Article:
Why Joe Biden's response to the Buffalo massacre was politically perceptive and morally mandatory
Joe Biden (AFP)

The White House is correct, I think, to avoid joining the pissing match between the Democrats and the Republicans over whether Fox host Tucker Carlson is to blame for inciting Payton Gendron to travel more than 200 hundred miles to shoot to pieces 10 Black people in Buffalo.

To be sure, that chimp-faced afreet, who never met a lie he didn’t like, might be responsible for mainstreaming “the great replacement” – that paranoid sepsis of blood and sinew according to which “them” are coming to replace “us,” a perversion of God’s natural order of things.

In fact, last night Carlson sold more paste to the paste-eaters: "The Democratic Party has decided that rather than convince you, people who are born here, that their policies are helping you and making the country better and stronger, they will change the electorate."

Carlson is confessing even as he’s projecting. That’s his wont. The Democrats don’t hope to “change the electorate,” though they pine away for an electorate soon-to-be changed by demographics. The entire program of rightwing politics seeks to “change the electorate.”

By force.

When they talk about immigration, they mean stopping “those people” from coming. When they talk about gun rights, they mean terrorizing “those people” already here. When they talk about abortion, they mean stopping and terrorizing “those people” to buy enough time for white women (who can’t get abortions thanks to the Supreme Court) to birth enough white babies that a “constitutional republic” can be “restored.”

We can say Carlson is responsible for making clear that sadism is the point in rightwing politics, but let’s not be naive. His is the top show on Fox because millions in this country already believe democracy is in crisis on account of “them” coming to “replace true democracy.”

The president was being generous – which is a good thing, politically – when he alleged that “the media” and “the internet” are radicalizing “lost and isolated individuals” like Payton Gendron. He was being generous, because come on. Be serious. An 18-year-old kid does not decide on his own that it’s time for a bunch of Black people to die.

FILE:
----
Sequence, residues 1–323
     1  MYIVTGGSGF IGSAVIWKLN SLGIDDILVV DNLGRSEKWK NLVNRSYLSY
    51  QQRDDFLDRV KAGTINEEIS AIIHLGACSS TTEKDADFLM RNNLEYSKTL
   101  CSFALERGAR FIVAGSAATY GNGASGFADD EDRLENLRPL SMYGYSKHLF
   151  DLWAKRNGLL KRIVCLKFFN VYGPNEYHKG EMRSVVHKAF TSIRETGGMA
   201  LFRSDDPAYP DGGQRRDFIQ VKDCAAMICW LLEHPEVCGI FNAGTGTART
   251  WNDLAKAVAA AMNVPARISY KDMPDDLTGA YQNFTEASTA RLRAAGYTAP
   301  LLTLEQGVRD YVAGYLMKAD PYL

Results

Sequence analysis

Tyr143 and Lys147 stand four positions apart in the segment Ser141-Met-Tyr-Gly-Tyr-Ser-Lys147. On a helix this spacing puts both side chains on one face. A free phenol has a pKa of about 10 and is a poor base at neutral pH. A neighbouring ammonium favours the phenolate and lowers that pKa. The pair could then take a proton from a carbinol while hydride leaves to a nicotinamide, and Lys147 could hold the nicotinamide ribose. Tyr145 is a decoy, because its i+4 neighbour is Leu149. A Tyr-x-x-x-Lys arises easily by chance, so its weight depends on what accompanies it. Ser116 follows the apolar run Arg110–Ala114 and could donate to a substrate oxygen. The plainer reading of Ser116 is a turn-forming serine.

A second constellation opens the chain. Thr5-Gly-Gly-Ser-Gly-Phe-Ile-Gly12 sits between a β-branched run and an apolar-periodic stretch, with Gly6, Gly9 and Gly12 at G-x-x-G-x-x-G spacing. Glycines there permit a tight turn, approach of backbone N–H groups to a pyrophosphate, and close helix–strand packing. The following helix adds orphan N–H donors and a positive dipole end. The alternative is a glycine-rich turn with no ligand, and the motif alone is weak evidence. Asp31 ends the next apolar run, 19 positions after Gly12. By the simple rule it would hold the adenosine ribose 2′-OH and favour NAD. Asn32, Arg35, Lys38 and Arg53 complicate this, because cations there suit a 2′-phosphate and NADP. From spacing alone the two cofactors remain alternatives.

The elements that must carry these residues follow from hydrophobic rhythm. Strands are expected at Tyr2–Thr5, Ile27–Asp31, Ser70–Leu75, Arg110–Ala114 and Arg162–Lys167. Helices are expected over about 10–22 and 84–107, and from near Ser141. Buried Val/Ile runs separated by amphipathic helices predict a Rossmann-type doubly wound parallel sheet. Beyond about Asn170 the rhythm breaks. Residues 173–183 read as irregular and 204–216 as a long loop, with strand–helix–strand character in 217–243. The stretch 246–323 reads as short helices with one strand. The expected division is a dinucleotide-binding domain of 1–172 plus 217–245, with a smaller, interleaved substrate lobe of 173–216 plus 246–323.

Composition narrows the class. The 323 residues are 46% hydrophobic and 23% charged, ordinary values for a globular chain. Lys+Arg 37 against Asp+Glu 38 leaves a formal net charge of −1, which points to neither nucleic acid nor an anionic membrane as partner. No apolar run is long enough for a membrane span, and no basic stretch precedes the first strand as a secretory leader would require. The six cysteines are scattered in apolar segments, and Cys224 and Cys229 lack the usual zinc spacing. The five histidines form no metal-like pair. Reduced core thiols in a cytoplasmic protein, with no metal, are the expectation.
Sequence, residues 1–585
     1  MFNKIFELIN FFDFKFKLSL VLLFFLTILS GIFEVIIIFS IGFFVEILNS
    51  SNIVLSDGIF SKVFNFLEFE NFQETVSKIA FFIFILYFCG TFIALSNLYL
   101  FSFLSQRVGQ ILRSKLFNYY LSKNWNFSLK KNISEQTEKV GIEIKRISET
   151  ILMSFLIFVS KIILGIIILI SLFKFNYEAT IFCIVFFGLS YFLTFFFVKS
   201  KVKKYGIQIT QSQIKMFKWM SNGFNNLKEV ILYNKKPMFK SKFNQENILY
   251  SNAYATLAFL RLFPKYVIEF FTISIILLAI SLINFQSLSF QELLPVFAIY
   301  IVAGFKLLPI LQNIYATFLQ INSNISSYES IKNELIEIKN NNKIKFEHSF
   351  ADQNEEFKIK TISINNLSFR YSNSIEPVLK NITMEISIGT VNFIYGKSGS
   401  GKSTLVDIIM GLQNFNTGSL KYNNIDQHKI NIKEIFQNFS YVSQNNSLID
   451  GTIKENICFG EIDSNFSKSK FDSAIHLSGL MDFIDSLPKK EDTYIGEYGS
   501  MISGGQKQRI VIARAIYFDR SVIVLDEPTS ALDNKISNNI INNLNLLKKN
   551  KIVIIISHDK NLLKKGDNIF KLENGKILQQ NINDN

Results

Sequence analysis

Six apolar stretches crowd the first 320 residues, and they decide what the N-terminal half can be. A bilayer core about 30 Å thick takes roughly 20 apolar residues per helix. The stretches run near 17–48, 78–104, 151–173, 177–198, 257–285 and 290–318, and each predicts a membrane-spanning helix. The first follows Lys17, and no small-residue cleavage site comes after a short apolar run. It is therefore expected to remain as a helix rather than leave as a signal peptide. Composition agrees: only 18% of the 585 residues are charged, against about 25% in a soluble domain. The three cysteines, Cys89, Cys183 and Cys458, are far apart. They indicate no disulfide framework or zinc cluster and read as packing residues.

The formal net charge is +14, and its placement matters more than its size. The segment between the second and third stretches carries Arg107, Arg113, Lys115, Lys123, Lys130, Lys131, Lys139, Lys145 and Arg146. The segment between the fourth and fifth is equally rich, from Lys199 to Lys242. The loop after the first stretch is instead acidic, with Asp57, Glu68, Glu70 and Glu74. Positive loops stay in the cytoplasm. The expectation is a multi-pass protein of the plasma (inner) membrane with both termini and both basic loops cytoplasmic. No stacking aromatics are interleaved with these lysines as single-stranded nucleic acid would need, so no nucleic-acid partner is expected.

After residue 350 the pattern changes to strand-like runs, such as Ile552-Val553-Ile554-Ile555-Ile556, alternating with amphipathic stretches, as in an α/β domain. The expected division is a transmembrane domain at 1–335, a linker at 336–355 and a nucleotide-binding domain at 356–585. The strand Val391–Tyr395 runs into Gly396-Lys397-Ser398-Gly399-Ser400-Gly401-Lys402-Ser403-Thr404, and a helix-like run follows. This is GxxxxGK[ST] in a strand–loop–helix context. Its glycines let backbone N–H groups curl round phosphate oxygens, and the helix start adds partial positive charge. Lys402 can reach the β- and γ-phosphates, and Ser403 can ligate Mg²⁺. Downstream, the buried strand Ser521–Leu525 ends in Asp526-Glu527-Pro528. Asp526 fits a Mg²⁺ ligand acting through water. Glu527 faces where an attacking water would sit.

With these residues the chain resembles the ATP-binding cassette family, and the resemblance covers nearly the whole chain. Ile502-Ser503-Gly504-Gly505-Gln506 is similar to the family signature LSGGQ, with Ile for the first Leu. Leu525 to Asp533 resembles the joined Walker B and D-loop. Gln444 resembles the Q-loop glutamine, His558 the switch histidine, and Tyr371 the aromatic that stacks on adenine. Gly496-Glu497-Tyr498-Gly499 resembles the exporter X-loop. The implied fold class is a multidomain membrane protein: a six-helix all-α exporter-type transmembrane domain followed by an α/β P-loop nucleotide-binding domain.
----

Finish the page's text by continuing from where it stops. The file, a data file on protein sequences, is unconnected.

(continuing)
Whatever the context he grew up in, it almost certainly included plenty of white-power rhetoric about undeserving Black people (“them”) taking something away from deserving white people (“us”), and that someone ought to take care of it, if only he had the guts.

Carlson didn’t mainstream it, but he did rationalize it. That’s why Biden’s remarks yesterday in Buffalo were so significant. To my way of thinking, they suggested a break from the past. He began creating conditions so rationalizing white supremacy is politically dangerous.

I don’t recall another sitting president using the word “terrorism” to describe a shooting massacre. (Please correct me if I’m wrong.) Barack Obama didn’t after Sandy Hook and Charleston. Of course, the former president didn’t after Pittsburgh and El Paso. (He incited them, gladly.)

Yet Joe Biden had no qualms.

“What happened here is simple and straightforward – terrorism, terrorism, domestic terrorism,” the president said. “Violence inflicted in the service of hate and a vicious thirst for power that defines one group of people being inherently inferior to any other group.”

“I call on all Americans to reject the lie. And I condemn those who spread the lie for power, political gain and for profit,” he said. “Because that’s what it is. We have now seen too many times the deadly and destructive violence this ideology unleashes” (the italics are mine).

I read about the speech in USA Today this morning. The report noted that the president “only briefly mentioned gun control in his remarks, renewing his call for Congress to reinstate the assault weapons ban.”


That’s amazing. For Obama, the solution to mass violence was policy. He dared not engage politically. He feared that it would backfire.

Things are different for Biden, for obvious reasons.

Policy, to him, is secondary to politics. The old assault weapons ban was so irrelevant to his goal in Buffalo that the president “only briefly mentioned” it. His overall purpose was drawing a line in the sand.

You’re with us (democracy) or with them (white supremacy).

You can’t have both.

“We need to say as clearly and forcefully as we can that the ideology of white supremacy has no place in America. None. And, look, failure for us is to not say that — failure, in saying that, is going to be complicity. Silence is complicity. It’s complicity. We cannot remain silent.”

Failure is silence.

Silence is complicity.

Complicity is terrorism.

The Republicans benefit from the Buffalo massacre. A scared population is a controllable population – at least for long enough for white women to birth more white babies, restoring “true democracy.”

They do not benefit when most people most of the time associate the party with white political violence, or domestic terrorism. The more the public sees that, the more the Republicans must duck and cover.

The president has been doing this a long time. He knows which way the winds are blowing. Something is telling him that the right moral thing to do is now in alignment with the right political thing to do.

Biden is meeting the politics of murder with the politics of democracy, not neutral-sounding policy. “You can’t prevent people from being radicalized to violence,” Biden said, “but we can address the relentless exploitation of the internet to recruit and mobilize terrorism."

“We just need to have the courage to do that – to stand up.”